All of the 29 skits and musical numbers were very entertaining. And each of the ladies did several numbers alone and with others.

The dancing reflected the great talent of choreographer Pamela "Pam" K. Lourentzos. It was lively and physically demanding. In many instances the cast has to sing while they danced. No small feat in nun's habits with waist-length wimples.

It would be difficult to single out any one performance over another, but some numbers deserve a special mention. Nancy Agee was superb as the Reverend Mother. She went from serious to hilarious. She danced and sang up a storm and made everyone laugh. Her comedic talent made her the perfect foil for the others. She and Elizabeth Nielsen did a rousing song and dance duet that was very different from their roles in "Ragtime."

Jinn Schroeder did a delightful interpretation of "The Dying Nun Ballet." She looked like Sally Field as the "Flying Nun" and even evoked Sally's acceptance of her Academy Award by saying "They liked me, they really liked me!"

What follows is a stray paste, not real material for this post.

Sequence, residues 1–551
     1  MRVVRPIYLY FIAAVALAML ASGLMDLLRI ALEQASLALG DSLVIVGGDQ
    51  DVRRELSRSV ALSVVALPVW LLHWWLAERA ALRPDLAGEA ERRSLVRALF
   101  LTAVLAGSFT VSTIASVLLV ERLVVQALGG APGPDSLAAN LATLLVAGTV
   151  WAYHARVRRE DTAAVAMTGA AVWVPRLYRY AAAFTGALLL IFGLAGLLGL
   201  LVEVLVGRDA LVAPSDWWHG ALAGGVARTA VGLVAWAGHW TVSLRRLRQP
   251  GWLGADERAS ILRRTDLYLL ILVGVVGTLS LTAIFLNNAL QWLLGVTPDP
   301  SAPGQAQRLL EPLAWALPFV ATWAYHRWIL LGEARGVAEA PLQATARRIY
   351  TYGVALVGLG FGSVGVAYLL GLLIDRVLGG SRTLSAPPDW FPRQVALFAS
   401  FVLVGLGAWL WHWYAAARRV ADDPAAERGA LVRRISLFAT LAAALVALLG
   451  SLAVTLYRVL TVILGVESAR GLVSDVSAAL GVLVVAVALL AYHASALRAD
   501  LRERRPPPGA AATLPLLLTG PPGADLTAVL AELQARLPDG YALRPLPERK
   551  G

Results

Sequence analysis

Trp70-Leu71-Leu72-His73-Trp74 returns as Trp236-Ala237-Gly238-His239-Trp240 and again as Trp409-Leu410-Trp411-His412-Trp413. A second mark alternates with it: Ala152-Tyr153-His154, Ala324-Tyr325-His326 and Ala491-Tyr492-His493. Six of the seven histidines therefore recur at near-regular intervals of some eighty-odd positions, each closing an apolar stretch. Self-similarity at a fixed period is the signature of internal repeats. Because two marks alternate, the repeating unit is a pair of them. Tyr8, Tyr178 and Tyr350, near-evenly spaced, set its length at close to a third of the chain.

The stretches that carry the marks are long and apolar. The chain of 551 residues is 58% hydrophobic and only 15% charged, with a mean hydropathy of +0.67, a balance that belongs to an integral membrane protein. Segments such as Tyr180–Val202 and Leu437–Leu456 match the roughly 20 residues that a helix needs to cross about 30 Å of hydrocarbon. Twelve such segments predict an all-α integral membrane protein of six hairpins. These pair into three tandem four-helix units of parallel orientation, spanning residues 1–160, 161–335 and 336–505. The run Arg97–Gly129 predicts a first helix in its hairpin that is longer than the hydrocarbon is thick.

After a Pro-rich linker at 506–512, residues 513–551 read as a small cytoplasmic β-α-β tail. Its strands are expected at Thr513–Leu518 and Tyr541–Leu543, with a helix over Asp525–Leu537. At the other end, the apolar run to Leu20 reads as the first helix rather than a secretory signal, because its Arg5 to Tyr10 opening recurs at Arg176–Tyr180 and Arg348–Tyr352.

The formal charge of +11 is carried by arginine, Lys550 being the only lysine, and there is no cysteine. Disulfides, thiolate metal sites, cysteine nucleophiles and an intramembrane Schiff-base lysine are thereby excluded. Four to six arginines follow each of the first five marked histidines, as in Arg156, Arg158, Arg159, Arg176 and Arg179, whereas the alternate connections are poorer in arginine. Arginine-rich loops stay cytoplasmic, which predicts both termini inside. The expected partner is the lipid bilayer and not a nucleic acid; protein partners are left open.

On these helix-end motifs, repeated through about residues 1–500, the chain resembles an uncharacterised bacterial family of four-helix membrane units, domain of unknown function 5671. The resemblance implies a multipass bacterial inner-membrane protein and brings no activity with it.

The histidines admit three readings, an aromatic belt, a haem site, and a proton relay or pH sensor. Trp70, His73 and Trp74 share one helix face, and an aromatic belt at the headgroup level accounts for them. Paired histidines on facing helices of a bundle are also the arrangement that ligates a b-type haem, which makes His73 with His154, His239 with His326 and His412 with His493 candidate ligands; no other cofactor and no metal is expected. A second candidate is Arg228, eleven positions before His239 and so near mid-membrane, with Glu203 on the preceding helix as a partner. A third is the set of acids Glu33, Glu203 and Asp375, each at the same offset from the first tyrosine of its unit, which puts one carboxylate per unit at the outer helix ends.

The biggest surprise was Elizabeth Monet Nielsen doing a torch number to "Holier Than Thou." I hardly recognized the very prim and proper Anna of "Anna and the King of Siam." I didn't know Elizabeth could do it. She was great.

Robin Hushbeck was a standout as one "Just Wants to be a Star." She belted out the number like she owned it. This is her first WOH production and I'm sure she'll be back.

Kelly Daniells was a joy to watch and hear. I first noticed her in "Cinderella" and knew she was a real talent. And she proved it as Sister Mary Amnesia. She has tremendous vocal range, dancing ability and a personality that would charm anyone.

All of this talent was ably assisted by Naomi Berg at the piano. Jeff Kean did a very excellent job as director. He got the most out of all those great ladies on stage, ably assisted by Elizabeth Nielsen as music director.

So make plans to come see all this "nonsense from 'Nunsense.'" It will make the heat bearable for awhile and you'll have some great laughs.

Tickets are on sale now at $16 for adults, $14 for seniors and $8 for ages 17 and younger. Call the WOH box office at 666-9617.

Performances are on Fridays and Saturdays at 8 p.m. and Sunday at 2 p.m. through July 31.

Davis Enterprise Review of WOH's "Nunsense"
Indulging in a few bad habits
Top-notch cast undercut by dated material, risky jokes

By David Burmester, Enterprise drama critic
Published: July 19, 2005

What happens when you put six talented performers together with an indifferent piece of material?